When I was in elementary school in Illinois in the early ’60s, there was a total eclipse. I remember being terrified of going blind. I don’t remember the actual eclipse. I must have hid inside. (My sister says it was cloudy that day.)
The Path of Totality for tomorrow’s eclipse will cross 12 states from Oregon to South Carolina. Elsewhere, there will be a partial eclipse. Districts that have started the school year face a difficult question, writes Tim Newcomb on The 74. Science or safety?
Let kids experience the eclipse, writes Andrew Rotherham on U.S. News.
While some school districts are making plans for students to experience this rare natural phenomenon, many are treating it as a menace to be avoided and something to protect students from, like a storm or a criminal on the loose. The eclipse, when then moon moves in front of the sun blocking it out during the day, is an amazing experience. Dusk and dawn twice in a day, crickets and cicadas sounding off in the middle of the afternoon, the stars coming out midday. Even in areas where there is not totality, it’s interesting to see and experience – and an incredible teachable moment about the natural world, history, math and science.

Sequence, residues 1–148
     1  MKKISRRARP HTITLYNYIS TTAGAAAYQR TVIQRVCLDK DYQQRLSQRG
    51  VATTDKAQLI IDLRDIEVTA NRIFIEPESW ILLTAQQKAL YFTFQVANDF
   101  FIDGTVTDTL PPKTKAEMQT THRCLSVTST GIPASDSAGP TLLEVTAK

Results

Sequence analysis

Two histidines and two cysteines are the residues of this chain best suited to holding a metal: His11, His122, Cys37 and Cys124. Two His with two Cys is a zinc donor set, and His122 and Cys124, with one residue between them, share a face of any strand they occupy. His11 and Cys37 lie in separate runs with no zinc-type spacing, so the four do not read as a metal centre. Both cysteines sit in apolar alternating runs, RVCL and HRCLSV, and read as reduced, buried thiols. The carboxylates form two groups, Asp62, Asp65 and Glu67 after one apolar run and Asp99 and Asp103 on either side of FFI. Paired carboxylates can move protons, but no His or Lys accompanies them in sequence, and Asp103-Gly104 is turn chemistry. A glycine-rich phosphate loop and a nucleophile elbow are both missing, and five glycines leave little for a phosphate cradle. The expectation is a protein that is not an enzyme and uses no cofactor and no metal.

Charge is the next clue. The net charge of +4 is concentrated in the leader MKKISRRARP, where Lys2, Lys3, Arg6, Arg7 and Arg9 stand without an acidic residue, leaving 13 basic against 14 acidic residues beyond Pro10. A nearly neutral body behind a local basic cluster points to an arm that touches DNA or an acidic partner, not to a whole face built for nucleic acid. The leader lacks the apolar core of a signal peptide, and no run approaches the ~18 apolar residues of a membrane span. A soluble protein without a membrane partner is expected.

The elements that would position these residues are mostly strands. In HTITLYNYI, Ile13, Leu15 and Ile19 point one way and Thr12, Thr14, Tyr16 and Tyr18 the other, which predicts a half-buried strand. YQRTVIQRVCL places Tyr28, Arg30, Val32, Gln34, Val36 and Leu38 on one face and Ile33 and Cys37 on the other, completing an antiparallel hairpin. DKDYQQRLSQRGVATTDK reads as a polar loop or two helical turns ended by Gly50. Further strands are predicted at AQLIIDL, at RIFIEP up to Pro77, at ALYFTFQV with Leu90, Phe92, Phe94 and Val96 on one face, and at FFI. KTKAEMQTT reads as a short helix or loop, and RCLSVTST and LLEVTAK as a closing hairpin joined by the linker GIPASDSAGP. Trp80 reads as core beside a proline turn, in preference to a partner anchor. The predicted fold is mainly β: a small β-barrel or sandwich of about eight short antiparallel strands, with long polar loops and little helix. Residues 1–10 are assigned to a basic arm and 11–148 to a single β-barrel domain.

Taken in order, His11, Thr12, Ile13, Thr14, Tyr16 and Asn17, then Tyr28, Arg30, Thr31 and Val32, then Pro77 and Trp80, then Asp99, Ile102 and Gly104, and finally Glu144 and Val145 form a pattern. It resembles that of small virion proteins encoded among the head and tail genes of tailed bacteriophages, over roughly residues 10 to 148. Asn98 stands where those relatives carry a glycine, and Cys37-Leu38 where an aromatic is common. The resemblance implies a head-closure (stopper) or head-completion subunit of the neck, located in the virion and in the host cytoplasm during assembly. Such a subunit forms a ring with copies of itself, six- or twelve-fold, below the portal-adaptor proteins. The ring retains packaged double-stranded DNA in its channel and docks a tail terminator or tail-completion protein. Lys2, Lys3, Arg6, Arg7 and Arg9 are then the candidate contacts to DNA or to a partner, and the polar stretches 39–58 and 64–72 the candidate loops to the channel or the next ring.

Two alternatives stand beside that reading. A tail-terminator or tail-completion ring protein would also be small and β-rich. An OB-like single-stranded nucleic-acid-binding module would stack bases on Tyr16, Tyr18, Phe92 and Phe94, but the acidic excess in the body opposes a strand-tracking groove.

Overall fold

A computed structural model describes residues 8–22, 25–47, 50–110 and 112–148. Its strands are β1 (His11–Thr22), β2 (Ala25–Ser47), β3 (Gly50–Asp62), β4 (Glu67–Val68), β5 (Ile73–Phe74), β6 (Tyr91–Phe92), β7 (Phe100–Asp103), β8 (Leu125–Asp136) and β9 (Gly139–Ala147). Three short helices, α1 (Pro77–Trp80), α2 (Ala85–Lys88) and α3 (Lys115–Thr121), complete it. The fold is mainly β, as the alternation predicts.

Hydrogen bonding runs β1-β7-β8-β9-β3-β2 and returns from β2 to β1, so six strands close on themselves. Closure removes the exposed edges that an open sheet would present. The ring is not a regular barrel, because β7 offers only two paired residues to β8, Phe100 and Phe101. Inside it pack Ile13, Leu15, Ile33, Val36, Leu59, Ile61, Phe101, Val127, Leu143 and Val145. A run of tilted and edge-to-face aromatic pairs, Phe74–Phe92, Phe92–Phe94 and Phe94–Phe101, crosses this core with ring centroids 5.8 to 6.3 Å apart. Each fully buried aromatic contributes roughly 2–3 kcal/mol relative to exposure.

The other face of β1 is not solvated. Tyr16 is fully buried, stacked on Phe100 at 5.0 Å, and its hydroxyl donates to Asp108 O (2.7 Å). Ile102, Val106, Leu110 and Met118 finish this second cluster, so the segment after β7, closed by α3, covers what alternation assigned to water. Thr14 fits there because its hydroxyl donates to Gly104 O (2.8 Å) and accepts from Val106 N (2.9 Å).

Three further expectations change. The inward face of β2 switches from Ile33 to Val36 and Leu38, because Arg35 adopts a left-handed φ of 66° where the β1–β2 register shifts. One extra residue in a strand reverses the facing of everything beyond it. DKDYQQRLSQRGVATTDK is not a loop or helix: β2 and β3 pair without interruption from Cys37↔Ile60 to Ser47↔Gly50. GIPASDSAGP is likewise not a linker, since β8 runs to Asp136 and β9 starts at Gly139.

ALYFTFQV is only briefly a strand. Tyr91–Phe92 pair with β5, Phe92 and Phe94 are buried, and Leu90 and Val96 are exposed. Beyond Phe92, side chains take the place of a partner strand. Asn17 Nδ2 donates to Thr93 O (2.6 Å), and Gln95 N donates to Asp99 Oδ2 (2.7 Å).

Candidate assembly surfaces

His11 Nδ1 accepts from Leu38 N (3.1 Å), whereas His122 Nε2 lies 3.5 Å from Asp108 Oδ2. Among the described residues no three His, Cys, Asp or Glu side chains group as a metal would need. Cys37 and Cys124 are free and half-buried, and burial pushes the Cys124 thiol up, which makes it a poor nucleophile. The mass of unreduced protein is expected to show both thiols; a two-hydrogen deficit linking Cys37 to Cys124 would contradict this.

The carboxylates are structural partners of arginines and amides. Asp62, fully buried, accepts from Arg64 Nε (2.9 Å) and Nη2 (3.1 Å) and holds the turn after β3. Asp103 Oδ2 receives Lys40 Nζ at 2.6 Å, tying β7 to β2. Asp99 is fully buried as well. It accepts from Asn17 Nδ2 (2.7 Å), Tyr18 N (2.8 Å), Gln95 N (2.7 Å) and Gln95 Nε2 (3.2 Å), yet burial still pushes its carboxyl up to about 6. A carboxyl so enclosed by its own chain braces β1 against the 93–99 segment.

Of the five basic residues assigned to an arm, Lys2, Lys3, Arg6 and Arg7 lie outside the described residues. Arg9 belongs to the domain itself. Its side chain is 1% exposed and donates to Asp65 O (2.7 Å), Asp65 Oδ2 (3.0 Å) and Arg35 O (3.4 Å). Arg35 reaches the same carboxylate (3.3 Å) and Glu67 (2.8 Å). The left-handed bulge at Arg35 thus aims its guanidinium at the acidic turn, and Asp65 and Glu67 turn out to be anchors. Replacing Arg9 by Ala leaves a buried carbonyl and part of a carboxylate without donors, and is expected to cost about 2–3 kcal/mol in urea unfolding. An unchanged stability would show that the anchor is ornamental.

Eclipse glasses — real ones — aren’t expensive, writes Rotherham. “Pinhole boxes are easily constructed.” Schools had plenty of time to get parents to sign permission slips.
It’s understandable that the ancients were terrified of eclipses. Professional educators in 2017? There is no excuse.
I’m back in Illinois for a family get-together, but not in the Path of Totality. (Vox has a map showing what you’ll see in your area.) This time, I’ve got my eclipse glasses.
Time has some great photos of an Illinois school where students built “sunscopes” to view the 1963 eclipse.